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Snowmass fired up over NASTAR

Jill Beathard
Snowmass Sun
Aspen, CO, Colorado

SNOWMASS – The NASTAR National Championships are returning to the Spider Sabich Race Arena at Snowmass this week, 15 years after they first took place on the same course.

The National Standard Race began in 1968, according to its website. Then, just 100 participants could qualify for the recreational skiing organization’s championship, said Bill Madsen, director of NASTAR operations.

In 1998, NASTAR allowed more people to qualify for the top competition, on the Spider Sabich race course at Snowmass. This year, more than 1,000 racers have registered for the event that will be here next year, as well.



Madsen, a Snowmass Village resident, said he’s wanted to bring the championships back here for some time, especially since parts of Base Village were completed.

“We’ve been to a lot of resorts over the years,” he said. “I’ve really been eager to bring it here.”




Aspen Skiing Co. was building the race courses this week leading up to the racers’ arrival Wednesday. The Snowmass Ski School is helping to offer race clinics for competitors and their friends and families, said John Rigney, Skico vice president of sales and events.

“We’re trying to treat everyone that comes as part of it,” he said.

There’s also a lot of entertainment programming surrounding the event. Bud Light Spring Jam begins Thursday, which will include a free concert by Brett Dennen in Base Village.

There also will be a showing of “Flow State,” a recent film by Warren Miller, an awards ceremony, music by Jes’ Grew and lunch at the Spider Sabich Picnic Palace on Friday.

“We have a full schedule on the mountain and off,” Madsen said.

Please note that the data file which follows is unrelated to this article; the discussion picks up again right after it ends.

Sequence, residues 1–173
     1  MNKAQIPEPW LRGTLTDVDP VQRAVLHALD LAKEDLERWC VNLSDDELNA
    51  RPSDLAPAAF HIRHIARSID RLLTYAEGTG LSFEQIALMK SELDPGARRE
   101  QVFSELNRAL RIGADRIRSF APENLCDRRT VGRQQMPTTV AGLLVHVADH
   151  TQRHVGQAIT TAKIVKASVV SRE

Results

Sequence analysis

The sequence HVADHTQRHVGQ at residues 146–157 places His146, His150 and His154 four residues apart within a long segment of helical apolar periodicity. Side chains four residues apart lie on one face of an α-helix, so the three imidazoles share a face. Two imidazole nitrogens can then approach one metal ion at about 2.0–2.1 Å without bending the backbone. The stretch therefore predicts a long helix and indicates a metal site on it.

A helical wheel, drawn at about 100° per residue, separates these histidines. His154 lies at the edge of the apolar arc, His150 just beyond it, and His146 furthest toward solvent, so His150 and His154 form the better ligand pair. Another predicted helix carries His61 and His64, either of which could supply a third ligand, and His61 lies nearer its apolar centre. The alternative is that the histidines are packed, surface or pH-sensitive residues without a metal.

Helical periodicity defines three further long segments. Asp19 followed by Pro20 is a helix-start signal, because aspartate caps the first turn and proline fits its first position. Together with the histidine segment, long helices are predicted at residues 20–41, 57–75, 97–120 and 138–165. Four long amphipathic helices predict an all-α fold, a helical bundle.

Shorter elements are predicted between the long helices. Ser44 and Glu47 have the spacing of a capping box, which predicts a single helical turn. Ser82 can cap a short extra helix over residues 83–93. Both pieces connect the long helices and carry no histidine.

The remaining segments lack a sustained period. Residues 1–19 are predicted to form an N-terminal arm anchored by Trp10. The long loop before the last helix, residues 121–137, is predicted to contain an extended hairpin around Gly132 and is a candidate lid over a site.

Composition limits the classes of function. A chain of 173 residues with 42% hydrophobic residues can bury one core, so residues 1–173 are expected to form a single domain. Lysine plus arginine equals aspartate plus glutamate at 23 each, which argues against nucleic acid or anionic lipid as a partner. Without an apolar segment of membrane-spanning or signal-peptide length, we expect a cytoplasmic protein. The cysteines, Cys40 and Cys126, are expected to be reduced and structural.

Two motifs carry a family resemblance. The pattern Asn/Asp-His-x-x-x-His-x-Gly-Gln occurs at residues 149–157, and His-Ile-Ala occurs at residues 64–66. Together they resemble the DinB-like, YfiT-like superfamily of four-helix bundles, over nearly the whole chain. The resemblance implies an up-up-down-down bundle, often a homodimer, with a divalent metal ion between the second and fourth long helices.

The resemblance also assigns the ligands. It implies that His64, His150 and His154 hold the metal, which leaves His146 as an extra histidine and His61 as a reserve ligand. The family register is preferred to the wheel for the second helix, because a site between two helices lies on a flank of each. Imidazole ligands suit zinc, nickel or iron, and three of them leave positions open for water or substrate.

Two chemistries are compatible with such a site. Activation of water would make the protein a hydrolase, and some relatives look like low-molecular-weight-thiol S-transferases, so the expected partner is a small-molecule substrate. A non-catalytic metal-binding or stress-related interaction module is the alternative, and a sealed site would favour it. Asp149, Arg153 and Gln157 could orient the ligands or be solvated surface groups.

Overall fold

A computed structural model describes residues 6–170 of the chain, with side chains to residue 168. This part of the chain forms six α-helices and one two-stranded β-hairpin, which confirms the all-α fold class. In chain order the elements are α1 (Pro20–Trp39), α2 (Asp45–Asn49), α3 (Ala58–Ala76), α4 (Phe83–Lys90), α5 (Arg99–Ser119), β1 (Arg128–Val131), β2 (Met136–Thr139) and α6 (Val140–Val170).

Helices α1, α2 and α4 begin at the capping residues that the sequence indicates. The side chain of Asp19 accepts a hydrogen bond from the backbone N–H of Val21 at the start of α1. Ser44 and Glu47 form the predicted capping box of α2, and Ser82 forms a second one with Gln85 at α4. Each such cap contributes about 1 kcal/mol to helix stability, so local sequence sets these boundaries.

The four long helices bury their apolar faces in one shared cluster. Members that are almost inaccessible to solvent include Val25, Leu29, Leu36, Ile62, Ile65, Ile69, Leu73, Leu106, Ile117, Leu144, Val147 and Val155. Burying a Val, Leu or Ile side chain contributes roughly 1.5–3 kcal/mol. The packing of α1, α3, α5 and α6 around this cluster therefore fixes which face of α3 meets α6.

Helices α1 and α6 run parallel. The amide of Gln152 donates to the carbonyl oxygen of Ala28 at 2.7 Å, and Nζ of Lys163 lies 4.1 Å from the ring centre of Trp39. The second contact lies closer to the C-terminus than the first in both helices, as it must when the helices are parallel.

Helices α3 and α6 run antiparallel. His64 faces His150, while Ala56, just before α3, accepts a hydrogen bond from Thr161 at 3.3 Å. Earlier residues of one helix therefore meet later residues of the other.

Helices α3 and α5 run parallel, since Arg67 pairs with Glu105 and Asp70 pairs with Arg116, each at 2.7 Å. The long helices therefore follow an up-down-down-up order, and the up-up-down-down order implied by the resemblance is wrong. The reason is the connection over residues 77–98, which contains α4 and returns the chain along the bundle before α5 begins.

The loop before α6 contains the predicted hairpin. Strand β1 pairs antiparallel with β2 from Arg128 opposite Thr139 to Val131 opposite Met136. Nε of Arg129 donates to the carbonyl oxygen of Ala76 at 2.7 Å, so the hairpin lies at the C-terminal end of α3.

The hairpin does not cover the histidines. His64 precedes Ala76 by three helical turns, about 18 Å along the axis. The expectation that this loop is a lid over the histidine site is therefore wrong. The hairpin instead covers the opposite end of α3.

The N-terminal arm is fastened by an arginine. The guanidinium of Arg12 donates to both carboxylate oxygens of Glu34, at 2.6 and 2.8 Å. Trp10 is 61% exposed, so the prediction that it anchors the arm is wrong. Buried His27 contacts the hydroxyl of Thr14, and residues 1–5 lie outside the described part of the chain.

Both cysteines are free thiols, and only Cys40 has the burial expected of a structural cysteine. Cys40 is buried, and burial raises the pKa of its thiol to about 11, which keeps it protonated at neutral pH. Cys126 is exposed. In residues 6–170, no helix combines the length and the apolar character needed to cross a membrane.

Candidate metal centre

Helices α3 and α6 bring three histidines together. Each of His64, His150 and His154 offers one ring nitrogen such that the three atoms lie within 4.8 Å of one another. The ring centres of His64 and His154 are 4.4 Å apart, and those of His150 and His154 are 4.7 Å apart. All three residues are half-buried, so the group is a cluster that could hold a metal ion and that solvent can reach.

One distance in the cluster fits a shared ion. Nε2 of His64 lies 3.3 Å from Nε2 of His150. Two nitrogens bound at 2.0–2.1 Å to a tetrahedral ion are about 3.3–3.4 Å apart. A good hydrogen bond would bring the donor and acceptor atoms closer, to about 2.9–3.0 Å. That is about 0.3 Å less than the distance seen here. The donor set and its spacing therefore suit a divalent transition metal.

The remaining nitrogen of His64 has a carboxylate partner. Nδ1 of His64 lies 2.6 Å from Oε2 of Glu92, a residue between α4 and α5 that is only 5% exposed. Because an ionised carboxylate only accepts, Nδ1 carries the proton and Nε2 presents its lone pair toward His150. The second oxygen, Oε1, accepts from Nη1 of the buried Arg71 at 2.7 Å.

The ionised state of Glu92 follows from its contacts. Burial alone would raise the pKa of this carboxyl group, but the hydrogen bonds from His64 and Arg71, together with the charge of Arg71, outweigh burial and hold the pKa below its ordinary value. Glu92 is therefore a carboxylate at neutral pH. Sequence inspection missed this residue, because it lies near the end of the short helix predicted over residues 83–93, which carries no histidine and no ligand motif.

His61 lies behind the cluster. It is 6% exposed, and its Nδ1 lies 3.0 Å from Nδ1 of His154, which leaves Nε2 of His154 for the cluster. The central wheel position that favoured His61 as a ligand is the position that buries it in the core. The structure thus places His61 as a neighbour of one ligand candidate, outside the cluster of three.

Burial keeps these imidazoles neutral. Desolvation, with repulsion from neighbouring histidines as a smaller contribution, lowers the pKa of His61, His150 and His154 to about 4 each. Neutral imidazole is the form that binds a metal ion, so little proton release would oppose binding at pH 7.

A special treat for racers is the chance to bump elbows with some of the best in winter sports. Olympic champion Julia Mancuso, three-time World Cup grand slalom champion Ted Ligety and World Cup racers Nolan Kasper and Stacey Cook will be pace-setting for the event.

“We’ve got this great stable of racers who are really passionate about promoting the sport,” Madsen said.

NASTAR is an organization that cultivates young athletes.

“If you ask anyone on the U.S. Ski Team, almost every single one of them will say ‘I got my start in NASTAR,'” Madsen said.

The current crop of competitors ranges from 3 years old to 90.

“Some of the older folks that come out are just so inspirational,” Madsen said. “(And) it’s really fun to see those little guys.”

Hosting the championships in the valley has motivated many local athletes to participate. Twenty-eight racers connected with the Snowmass ski area are registered, and there are many more from the Aspen Mountain and Aspen Highlands teams.

Although most of the competitors are alpine skiers, there also are events for telemarking and snowboarding.

Watching the races and most events in Base Village are open to the public. The race course also is open to the public before competition begins Friday. For a full schedule, pick up a copy of In Snowmass or go to http://www.nastar.com and click on “nationals.”

jbeathard@snowmasssun.com


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